I grew up observing the charitableness of my family, and connected with the sense of urgency and gratitude that they experienced from helping others. I watched my mom always donate her time and money to the underprivileged and underserved. I watched my aunts (who are educators in Iran) advocate and stand up for students who often didn’t have a voice. I am continuously grounded by the love and compassion my wife models in her daily life. I truly believe that my community’s health impacts my health, and I am dedicated in supporting those in need.”

Extending the Histories of Narrative Therapy: Rich Story Development, Trauma, and The Affective Turn

First Course in Series

The first course in our series builds on our deep respect for the evolution of Narrative Therapy while creating spaces for an interplay with other treasured approaches to working with people experiencing serious difficulties in their lives and relationships.  Please join us as we honor our narrative roots while bringing forward specific therapeutic practices that engage narrative meaning-making while cultivating healing embodied experiences. Integrative work opens up possibilities for responding to habits of body, re-contextualizing dilemmas, engaging moral imagination, and re-populating lives in ways that support agency and movement toward preferences for living and relating. Through six lessons, we draw from philosophy and practices associated with The Affective Turn, bringing together understandings of rich story development, trauma and its effects, memory theory, attunement practices and applications of mindfulness, EMDR and somatic therapies. We strongly recommend taking this course before the second course in the series.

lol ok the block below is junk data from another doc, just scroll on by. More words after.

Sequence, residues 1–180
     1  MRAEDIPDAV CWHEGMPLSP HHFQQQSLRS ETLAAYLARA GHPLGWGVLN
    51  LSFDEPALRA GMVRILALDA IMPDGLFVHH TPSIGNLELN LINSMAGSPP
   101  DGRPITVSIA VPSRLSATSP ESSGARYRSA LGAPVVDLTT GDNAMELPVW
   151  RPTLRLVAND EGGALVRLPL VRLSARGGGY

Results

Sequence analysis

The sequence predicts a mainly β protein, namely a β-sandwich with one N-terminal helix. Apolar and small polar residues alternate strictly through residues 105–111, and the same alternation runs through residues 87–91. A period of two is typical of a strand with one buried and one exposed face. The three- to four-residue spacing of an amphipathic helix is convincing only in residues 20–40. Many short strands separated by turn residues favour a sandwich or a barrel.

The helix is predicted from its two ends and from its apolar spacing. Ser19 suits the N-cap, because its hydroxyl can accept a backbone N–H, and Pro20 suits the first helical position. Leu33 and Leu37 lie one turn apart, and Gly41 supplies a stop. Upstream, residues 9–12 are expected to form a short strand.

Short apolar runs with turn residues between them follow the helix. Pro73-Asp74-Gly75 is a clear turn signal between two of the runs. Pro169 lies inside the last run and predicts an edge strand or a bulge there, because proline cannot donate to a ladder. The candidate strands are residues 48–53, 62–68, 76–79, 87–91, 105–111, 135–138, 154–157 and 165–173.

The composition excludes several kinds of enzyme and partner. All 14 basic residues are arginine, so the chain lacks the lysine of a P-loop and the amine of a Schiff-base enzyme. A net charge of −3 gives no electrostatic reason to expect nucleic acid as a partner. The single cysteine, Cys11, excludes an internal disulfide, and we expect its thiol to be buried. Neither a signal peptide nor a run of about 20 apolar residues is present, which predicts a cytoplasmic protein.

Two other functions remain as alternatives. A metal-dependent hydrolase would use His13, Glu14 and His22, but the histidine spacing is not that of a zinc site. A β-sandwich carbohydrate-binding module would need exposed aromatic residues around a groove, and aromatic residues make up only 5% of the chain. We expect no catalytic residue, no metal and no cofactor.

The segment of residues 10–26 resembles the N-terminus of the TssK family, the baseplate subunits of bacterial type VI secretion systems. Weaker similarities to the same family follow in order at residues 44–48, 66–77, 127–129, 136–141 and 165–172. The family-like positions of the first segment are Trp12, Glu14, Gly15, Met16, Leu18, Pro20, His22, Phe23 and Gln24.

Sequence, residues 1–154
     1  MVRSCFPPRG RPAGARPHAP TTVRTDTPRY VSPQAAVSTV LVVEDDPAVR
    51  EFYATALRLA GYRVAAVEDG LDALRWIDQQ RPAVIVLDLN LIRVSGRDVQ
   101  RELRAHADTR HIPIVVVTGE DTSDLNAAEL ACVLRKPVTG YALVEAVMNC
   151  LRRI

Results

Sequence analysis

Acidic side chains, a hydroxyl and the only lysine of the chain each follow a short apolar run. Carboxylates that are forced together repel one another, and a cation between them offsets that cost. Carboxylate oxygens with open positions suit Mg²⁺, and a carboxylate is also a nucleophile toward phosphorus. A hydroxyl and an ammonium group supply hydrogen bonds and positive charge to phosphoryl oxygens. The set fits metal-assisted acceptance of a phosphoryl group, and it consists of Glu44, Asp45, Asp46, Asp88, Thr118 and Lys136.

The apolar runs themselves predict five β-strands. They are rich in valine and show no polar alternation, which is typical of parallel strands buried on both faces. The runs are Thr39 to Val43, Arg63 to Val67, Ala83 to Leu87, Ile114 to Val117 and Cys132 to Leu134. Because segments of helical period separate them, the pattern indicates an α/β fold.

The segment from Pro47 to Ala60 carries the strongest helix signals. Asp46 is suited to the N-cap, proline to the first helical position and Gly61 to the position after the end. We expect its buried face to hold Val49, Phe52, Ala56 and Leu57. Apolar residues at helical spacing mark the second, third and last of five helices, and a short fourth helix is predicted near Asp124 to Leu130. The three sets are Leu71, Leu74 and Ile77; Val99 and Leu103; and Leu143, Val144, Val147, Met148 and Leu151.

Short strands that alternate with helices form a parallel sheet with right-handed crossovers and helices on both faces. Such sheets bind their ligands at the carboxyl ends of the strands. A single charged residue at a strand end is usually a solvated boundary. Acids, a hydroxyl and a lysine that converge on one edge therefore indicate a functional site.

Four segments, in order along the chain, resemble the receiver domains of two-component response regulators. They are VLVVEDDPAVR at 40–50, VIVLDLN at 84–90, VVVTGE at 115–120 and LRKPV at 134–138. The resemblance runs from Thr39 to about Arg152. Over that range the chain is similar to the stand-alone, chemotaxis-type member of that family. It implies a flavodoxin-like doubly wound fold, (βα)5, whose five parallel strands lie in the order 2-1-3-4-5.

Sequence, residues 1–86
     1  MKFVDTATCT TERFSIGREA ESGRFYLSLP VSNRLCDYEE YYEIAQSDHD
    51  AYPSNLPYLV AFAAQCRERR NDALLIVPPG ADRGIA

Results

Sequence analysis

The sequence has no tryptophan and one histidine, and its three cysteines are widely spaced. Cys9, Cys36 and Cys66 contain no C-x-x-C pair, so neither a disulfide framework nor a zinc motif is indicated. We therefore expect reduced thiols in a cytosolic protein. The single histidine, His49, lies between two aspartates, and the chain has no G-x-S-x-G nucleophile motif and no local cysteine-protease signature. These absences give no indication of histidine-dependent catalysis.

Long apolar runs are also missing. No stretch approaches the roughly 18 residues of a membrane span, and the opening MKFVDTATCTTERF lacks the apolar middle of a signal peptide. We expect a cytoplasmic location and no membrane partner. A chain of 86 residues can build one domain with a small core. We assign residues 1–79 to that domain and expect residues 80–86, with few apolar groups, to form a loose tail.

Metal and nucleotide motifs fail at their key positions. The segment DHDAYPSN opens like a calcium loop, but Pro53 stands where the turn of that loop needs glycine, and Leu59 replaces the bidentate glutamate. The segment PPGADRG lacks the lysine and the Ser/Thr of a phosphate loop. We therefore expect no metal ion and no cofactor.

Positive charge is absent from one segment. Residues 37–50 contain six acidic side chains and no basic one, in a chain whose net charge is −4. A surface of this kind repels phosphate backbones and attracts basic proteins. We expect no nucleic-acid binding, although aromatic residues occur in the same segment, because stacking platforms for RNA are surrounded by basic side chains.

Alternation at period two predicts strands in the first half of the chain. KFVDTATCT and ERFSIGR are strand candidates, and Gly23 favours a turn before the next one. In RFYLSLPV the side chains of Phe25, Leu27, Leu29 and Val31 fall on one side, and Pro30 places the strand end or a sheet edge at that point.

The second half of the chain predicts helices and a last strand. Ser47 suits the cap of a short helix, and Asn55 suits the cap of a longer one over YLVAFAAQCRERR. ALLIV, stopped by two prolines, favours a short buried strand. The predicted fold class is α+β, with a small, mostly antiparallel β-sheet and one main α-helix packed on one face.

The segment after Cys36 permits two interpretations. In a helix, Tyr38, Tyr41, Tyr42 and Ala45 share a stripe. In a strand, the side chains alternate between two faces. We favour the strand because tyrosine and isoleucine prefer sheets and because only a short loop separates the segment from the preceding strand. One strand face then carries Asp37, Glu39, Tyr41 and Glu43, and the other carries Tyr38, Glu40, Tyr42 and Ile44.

Em-BODY-ing Conversations:

Bridging Narrative Practice with EMDR & Other Somatic Therapeutic Approaches

Second Course in Series

Severe and early trauma seems to rob clients of memories and cast sensations, images and memories as the enemy, and can disconnect people from what has shaped moral virtues, intentions, and a sense of “myself” across time. we explore how integrating alternative approaches can make visible the complexities of lived experiences, allowing for the discovery of different metaphors, new associations and a shift in a felt sense of bodily experiences. These discoveries help reinvigorate a re-connection with moral virtues, a language for inner life, and new possibilities for action and movement in accordance with cherished intentions, values, hopes, dreams, beliefs, purposes and commitments. When the language of sensations, images, and memories are engaged in this way, people—with child-like creativity—connect with real and imagined allies, responsibility for abuse is assigned where it belongs, and preferred solutions and subordinate stories emerge. This sense of “aliveness” and agency creates new possibilities for relating.

Lynne Rosen

This course will explore  on Lynne Rosen’s approach to integrating alternative approaches that can make visible the complexities of lived experiences, allowing for the discovery of different metaphors, new associations and a shift in a felt sense of bodily experiences. With a keen interest in the social construction of identities and the politics of experience, Lynne will bridge cherished narrative ideas and practices with understandings of EMDR and somatic therapies. Through video, audio, text,  experiential exercises and client tales, she shows us what becomes possible when we create different kinds of scaffolding using sensations, images and memories in non-discursive ways.